So we've reached the point when, if you tell me that Alex Rodriguez is on a pace to hit 62 homers and drive in 171 runs, it actually means something.
That's not to say A-Rod's remarkable first half guarantees excellent performance over the final three months. It's just to say that 73 games is a substantial chunk of a season. Even if he plays mediocre ball the rest of the way, Rodriguez will finish with outstanding numbers.
So that means we have a large enough body of work on which to pick fantasy All-Stars. And really, who doesn't love a good list?
As always, fantasy All-Stars reflect not only the guys with the best statistics, but also those who have most exceeded expectations and thus provided excellent value. I'll start with the American League and do the National next week.
Catcher Victor Martinez: The Indians star lost some luster last year as Joe Mauer eclipsed him. But he's back, hitting his usual .313 and on pace for career highs in the power totals. It's hard to find a more consistent line-drive hitter, and the only fear is that he'll end up at first base, where he'd lose value. Honorable mention goes to Jorge Posada, who won't hit .339 for the year (he's hitting a lucky .395 on balls in play) but has played at an elite level longer than expected.
First baseman Justin Morneau: With Mark Teixeira hurt and Paul Konerko in a funk, this bunch is thinner than usual. Morneau's average is lower than it was for his Most Valuable Player campaign last season, but he's proving that he'll be a serious power source for years to come.
Second baseman Brian Roberts: Orioles fans are so generally depressed that Roberts isn't getting his due for a tremendous start. His power isn't what it was in 2005, but he's headed for career highs in average and steals, and has quietly evolved into a prototypical leadoff hitter. B.J. Upton might be a threat at this spot if he weren't on the disabled list.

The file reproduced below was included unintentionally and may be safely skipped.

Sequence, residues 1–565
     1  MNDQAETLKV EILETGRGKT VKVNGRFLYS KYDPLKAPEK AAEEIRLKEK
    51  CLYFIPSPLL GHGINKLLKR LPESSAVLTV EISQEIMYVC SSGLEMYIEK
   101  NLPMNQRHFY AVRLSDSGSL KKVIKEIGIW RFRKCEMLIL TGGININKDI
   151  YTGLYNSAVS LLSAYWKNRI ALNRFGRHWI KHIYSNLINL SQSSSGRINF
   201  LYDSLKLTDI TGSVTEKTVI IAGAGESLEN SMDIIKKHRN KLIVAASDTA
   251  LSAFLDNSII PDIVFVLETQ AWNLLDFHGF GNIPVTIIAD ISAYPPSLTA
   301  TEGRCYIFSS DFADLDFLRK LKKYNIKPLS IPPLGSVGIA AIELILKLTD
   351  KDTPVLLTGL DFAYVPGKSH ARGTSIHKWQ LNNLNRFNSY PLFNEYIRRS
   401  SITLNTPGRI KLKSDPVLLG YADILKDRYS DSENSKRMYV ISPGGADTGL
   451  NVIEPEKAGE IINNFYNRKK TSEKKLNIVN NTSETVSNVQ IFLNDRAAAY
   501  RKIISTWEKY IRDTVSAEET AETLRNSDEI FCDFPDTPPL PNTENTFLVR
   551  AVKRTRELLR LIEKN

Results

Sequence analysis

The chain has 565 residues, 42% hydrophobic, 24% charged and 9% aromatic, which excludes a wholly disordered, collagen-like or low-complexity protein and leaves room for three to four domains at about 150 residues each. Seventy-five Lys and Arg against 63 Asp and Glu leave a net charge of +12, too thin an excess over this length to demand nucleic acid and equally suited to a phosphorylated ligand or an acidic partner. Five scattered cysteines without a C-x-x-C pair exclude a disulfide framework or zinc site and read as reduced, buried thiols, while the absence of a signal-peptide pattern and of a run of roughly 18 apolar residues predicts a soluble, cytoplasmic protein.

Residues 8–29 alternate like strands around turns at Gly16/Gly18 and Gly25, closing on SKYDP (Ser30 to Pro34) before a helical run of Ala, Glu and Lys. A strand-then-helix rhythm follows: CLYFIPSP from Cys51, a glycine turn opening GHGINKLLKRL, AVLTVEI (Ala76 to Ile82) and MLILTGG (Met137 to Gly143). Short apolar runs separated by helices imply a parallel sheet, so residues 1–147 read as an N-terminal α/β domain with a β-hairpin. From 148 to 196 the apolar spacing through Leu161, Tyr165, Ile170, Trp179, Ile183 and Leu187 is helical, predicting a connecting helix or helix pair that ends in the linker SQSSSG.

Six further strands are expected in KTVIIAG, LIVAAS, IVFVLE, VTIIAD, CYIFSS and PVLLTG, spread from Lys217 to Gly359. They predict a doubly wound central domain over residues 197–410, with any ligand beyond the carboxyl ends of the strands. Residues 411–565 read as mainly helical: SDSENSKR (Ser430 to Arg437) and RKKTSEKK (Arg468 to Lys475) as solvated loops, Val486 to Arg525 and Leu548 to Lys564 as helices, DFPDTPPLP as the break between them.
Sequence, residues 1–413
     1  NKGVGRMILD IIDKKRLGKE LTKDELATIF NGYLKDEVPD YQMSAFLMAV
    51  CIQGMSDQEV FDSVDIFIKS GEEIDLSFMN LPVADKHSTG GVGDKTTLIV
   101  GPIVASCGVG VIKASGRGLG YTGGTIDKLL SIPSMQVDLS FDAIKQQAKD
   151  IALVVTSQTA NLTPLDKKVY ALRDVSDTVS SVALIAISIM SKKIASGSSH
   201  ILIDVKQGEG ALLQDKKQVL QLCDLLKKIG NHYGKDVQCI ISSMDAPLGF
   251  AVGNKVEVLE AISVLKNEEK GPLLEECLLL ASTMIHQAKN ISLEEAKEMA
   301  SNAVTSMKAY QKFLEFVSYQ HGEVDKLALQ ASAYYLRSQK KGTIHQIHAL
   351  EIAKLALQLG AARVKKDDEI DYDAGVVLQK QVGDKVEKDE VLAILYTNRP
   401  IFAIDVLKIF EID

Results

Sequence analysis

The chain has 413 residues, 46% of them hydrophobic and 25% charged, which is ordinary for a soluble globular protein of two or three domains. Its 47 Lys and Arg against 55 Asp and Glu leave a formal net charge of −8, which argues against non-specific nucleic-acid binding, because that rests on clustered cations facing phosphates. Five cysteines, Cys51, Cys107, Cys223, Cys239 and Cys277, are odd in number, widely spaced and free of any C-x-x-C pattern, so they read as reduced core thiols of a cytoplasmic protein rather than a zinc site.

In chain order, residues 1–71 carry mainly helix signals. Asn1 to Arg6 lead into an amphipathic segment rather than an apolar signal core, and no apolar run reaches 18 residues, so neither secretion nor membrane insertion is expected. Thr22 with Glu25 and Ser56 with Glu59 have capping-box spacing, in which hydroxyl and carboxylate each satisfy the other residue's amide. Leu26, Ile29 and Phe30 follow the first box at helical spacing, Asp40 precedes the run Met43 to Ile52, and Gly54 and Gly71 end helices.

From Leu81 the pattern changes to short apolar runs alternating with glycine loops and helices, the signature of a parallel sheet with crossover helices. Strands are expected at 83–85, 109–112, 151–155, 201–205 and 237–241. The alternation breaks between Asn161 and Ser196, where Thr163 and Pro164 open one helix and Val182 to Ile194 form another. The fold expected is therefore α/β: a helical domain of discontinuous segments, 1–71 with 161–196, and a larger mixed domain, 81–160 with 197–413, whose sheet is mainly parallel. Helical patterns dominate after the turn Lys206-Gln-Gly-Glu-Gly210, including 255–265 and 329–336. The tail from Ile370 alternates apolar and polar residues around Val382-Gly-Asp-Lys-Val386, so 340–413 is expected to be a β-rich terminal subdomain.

Shortstop Carlos Guillen: For my money, the most underrated player in baseball. You can book him for a .320 average, but this year, he's also on pace to hit 28 homers and drive in 128 runs. He's not running the way he did last year, but so what. Though Derek Jeter remains near the top of his game, I think Guillen has eclipsed him and Miguel Tejada.
Third baseman Alex Rodriguez: Fans were so down on A-Rod last offseason that he slipped to the second round of some fantasy drafts. More than one prognosticator saw 2007 as the beginning of a decline for the game's most scrutinized star. Three months later, he has reasserted his fantasy dominance, leading the AL in runs, home runs and RBIs, and batting 26 points above his career average. Throw in nine steals and you have your first-half MVP.
Outfielder Magglio Ordonez: He was a heck of a player from 1999 to 2003, so this isn't coming out of nowhere. Ordonez's average will fall, and he doesn't run the way he did in his prime, but I don't think most owners who bought him this spring expected runs at the batting and RBI titles. He has been a terrific value.
Outfielder Torii Hunter: He is on pace for career highs in average, homers, runs, RBIs and steals. So, yeah, Hunter has probably offered greater value than more acclaimed players such as Vladimir Guerrero and Grady Sizemore.
Outfielder Ichiro Suzuki: After two relatively down seasons, he is back to challenging for the batting title, on pace for a career high in RBIs and stealing as often as ever. He's a wonder, and even though batting average is volatile, he is the game's greatest anchor in that category because of his huge at-bat numbers.
Designated hitter Gary Sheffield: I thought Sheff might finally be over the hill, but I guess not. He is defying the odds with excellent power numbers and is on pace to steal 19 bases. He has been a bigger thumper than David Ortiz at a much more reasonable price, and he's burnishing a serious Hall of Fame candidacy.
Starting pitchers Dan Haren, Justin Verlander, Kelvim Escobar, Josh Beckett, C.C. Sabathia: Haren was a $15-$18 pitcher in most auctions, but he is performing a fine imitation of vintage Greg Maddux. Normal luck on balls in play will probably drive his ERA above 2.00, but that takes nothing away from his flawless blend of power, control, durability and consistency.
I thought Verlander would fall victim to a tired arm, as he did last autumn. I couldn't have been more wrong. He seems to be entering full bloom as a power pitcher and Cy Young Award contender. Sabathia's doing the same. Beckett is showing what he was always capable of when blister-free. And if you haven't noticed Escobar's numbers, check them out: nine wins and a 2.81 ERA for pitcher who was an afterthought in many drafts and auctions.
It's always hard to leave off Johan Santana, but relative to the prices owners paid in March, he hasn't dominated. John Lackey deserves recognition as the Carlos Guillen of pitchers - always very good, rarely very appreciated. And Oriole Jeremy Guthrie is certainly the MVP of waiver-wire pickups from the first half.
Relief pitcher J.J. Putz: He is not as overpowering as Francisco Rodriguez or as huge a surprise as Al Reyes, but the Seattle closer has overcome injury questions to post 21 saves with a microscopic ERA and WHIP and plenty of strikeouts. He's the game's least-discussed dominant closer.
To read Sheil Kapadia's "3 up, 3 down," go to That Fantasy Guy blog at baltimoresun.com/fantasy.